Balance. Purpose. Enlightenment.
When I became a Lemurian student, I was a successful lawyer in a fast-paced, high-energy, good-paying position. But the only thing that seemed to matter to my firm was the results I produced, and I had strayed from my moral bearings, not to mention Christ’s Teachings and natural law. To address this predicament would take courage, a virtue I felt I lacked. How to build integrity became my focus.
I feared the changes I wanted to make in myself could jeopardize my job, but I knew pursuing higher values was essential to my personal growth.
So I looked for how to build integrity in my work while trying to meet the goals of my clients and firm, realizing I was not trying to change others, only myself. It was a lonely road at times, but grudgingly, my bosses accepted more of the new me. And holding to my values in even small ways brought a special feeling of accomplishment.
I made many mistakes. When I tried too hard, was too impulsive or “letter of the law,” I found myself in hot water with my superiors. I got frustrated and angry about what I felt was expected of me. Sometimes my courage failed because I could easily imagine the worst possible outcome. When I stumbled, it was disappointing, but at least I was trying. I drew comfort and many practical techniques from my Philosophy, tried to remember that what really mattered was what I, not others, did, and didn’t let myself feel overly discouraged.
Eventually I realized I was more successful with gradual and quiet efforts to change, not pushing. Instead of refusing to do something because it was wrong, it went more smoothly when I just said I was uncomfortable with the idea. Another helpful approach was to speak to my boss ahead of time about an upcoming problem and propose a mutually acceptable solution. But most often, my efforts were known only to me as I followed the thread of integrity through my workplace challenges.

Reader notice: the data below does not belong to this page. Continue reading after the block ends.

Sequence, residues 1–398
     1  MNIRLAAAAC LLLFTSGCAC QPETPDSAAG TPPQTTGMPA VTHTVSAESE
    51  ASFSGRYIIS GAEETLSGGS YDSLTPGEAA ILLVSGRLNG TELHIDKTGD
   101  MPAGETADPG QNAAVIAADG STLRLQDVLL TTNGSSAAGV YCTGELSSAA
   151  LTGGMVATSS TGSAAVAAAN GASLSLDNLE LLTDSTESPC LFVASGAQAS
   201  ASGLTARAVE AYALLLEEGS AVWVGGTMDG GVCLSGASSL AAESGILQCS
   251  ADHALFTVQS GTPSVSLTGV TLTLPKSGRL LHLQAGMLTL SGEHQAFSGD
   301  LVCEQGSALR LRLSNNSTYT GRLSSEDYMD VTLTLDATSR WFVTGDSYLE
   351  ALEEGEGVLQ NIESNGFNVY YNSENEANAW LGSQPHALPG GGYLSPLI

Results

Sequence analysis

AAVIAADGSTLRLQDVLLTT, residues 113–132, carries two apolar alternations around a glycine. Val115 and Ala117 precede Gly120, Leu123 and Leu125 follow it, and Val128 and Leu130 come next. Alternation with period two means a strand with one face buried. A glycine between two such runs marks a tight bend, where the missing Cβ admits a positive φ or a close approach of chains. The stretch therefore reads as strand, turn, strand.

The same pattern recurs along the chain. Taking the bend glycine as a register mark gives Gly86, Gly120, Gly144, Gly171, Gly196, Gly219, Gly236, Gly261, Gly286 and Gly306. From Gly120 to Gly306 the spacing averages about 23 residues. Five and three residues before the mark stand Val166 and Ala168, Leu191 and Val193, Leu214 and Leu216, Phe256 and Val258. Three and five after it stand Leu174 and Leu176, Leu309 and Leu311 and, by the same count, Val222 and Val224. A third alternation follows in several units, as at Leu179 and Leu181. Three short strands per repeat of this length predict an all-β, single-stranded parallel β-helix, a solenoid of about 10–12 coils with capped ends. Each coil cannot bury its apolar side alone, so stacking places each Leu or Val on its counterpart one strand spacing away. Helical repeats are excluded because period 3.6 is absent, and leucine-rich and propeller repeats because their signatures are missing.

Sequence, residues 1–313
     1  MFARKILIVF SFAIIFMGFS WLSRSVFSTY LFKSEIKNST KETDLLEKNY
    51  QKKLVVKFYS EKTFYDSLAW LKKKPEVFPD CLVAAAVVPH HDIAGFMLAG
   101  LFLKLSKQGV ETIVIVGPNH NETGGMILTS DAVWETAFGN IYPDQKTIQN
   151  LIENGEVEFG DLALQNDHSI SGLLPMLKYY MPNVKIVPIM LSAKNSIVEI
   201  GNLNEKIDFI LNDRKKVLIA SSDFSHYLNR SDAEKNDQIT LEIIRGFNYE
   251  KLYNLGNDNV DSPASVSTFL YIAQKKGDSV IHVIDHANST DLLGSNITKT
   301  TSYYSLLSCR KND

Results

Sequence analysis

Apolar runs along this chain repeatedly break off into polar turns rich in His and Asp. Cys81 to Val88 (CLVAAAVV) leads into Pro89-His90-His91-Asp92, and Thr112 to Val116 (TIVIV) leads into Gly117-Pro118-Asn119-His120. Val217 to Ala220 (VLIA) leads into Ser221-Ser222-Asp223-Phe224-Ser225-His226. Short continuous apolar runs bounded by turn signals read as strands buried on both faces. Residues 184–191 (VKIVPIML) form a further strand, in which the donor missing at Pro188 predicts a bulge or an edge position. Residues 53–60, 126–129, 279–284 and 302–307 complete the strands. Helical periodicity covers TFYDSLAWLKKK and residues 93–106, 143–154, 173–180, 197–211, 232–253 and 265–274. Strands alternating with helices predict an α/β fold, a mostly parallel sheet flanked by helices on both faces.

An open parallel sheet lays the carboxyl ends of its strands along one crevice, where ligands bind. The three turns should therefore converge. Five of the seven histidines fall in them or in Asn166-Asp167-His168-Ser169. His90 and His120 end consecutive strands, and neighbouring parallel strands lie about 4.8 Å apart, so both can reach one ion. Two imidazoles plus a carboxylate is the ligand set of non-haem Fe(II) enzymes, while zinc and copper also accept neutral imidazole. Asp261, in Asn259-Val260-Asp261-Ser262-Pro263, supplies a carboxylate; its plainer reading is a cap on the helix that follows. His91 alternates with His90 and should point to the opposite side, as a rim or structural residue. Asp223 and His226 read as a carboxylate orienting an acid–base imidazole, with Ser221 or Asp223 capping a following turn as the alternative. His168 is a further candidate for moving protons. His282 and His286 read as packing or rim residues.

Then came an offer to join another firm. I gratefully accepted, resolving to make truth one of the hallmarks of my new venture. As time passed, though, again I found myself wrestling with integrity. This concerned me because, as a Lemurian student, I had a growing understanding of what to expect from the impersonal operation of God’s laws. When it was clear I could not resolve this conflict within the expectations of my job, it was time for some hard thinking.
I asked myself what I enjoy most about law. It’s helping others. The people part is so much more satisfying than lawsuits over money. Knowing this, with my wife’s support, I went into public interest law. My new job gives greater satisfaction and makes a difference in others’ lives. And clients’ heartfelt appreciation is a great bonus.
Now I know I can be a successful lawyer and stay true to moral values. I’m happier and work with a deeper purpose. And arriving home in a better mood is an unexpected benefit my wife really appreciates. It’s not always easy to walk the narrower path in a world with the emphasis on material accomplishments, but now I know it can be done.
Copyright © 2016 Lemurian Fellowship
4 thoughts on “How to Build Integrity”
How nice it is to read a story about successfully applying the Philosophy in an area that can be so difficult to do so. If it can be accomplished in the practice of law, seems it would be useful just about anywhere.
What a difficult, and well met challenge! Not only remaining focused on your goal in such an opposing environment, but resisting the material gain to be had by giving in!
But it is sad to hear that there was so little room for integrity in the practice of law. One would think that its practice should require only the highest level of integrity!
If a person can use integrity in a fast paced high profile law firm, it gives hope for using it anywhere. It seemed to take thought and planning how best to abide by his beliefs while not being confrontational or overtly antagonizing his bosses. Interesting and helpful.
Thanks for this very helpful account. I have challenges at work as well and hearing how someone else applied Lemurian principles reminds me that, with patience and application, I too can replace fear with love and faith.